3 flowers on a small bush
In Robertson, one tends to measure the real flush of Spring by the arrival of the Waratah flowers, in the bush. They grow on the sandstone country around Robertson, not strictly in Robertson itself. They do not occur naturally on the red basalt soil.
Waratahs thrive in Robertson, as garden plants. But their natural range is an evolutionary thing - they are products of the sandstone forests, dominated by Eucalypts, and a whole range of other related Proteaceae plants. The rich red basalt soils of Robertson were "taken" by the rain forests, dominated by Sassafras and other more primitive rainforest plants. But I digress.
Red bracts surround a developing flower
The Waratah "flower" is actually a head of a myriad of individual flowers, surrounded by the red bracts (modified leaves) which protect the individual true flowers until they are developed enough to swell, and protrude, in the classic shape of the Waratah "flower"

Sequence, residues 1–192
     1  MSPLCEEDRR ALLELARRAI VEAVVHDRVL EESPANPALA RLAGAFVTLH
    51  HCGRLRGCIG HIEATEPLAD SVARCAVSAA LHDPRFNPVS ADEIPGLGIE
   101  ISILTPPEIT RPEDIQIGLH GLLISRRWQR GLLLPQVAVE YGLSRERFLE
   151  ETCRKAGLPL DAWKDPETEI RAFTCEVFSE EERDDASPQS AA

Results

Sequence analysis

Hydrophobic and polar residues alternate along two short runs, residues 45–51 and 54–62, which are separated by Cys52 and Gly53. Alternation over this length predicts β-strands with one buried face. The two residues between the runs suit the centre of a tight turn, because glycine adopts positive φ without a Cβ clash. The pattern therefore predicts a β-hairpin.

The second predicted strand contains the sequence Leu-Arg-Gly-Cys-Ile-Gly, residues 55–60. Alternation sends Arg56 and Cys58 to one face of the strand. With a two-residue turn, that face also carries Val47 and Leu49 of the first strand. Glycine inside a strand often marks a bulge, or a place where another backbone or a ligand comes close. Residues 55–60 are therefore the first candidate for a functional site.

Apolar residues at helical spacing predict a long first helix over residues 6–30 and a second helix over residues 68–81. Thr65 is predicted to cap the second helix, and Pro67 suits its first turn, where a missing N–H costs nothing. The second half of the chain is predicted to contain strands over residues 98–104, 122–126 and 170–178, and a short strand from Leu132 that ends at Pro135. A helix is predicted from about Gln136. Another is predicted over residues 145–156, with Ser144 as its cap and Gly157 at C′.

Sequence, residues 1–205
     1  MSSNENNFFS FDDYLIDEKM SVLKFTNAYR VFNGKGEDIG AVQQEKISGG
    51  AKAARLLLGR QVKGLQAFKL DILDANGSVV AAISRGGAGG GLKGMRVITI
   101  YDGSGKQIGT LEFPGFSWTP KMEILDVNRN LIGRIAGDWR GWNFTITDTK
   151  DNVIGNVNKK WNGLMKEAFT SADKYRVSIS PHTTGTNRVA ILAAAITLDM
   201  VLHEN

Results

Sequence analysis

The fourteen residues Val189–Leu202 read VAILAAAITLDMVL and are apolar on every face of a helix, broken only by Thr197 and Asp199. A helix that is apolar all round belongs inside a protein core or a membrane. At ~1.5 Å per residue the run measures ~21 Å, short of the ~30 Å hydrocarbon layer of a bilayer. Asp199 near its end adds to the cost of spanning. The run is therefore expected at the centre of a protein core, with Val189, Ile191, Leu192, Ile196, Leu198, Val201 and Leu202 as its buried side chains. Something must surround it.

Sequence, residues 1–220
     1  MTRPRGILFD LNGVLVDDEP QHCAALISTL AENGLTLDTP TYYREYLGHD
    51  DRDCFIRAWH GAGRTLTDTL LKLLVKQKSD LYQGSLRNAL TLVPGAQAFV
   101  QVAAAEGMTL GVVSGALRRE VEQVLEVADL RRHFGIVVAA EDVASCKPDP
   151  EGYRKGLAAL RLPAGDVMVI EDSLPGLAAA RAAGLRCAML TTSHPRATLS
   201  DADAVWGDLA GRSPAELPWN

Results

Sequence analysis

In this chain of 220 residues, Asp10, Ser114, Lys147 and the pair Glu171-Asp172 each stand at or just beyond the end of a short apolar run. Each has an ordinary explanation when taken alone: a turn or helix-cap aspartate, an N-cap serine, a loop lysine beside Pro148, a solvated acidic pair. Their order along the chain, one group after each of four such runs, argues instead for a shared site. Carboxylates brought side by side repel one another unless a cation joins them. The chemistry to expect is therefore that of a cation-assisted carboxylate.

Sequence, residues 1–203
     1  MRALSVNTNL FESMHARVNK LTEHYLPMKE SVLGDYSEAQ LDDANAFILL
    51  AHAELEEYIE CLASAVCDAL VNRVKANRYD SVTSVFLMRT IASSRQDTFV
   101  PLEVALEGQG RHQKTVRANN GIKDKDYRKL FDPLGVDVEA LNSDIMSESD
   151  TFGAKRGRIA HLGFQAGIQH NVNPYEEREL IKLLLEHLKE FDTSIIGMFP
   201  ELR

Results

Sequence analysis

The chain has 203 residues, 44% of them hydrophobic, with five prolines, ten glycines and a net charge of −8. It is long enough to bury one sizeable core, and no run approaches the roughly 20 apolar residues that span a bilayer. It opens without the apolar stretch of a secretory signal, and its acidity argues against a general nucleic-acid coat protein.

A perfectly developed flower
I have previously reminded readers that the Waratahs in the bush are protected, and the flowers ought be admired whrere they are, and not cut. The plants need to flower in order to set seed, to perpetuate their species. So, give them a chance. After all, they are our most spectacular flower. Leave them for everyone to enjoy.
These plants are growing close to the roadside, in Kangaloon, but similar plants grow in the Sandstone forests near Belmore Falls, Fitzroy Falls, Carrington Falls. Just look out for them.
developing within the "head".
Click on the image, to view the individual flowers.
While I was taking these photographs, a cyclist, a visitor from Sydney, as it turned out, saw me in the bush, and called out "Aren't they great?" He was enjoying being amongst so many wonderful Waratah flowers
- and he could see that I was too.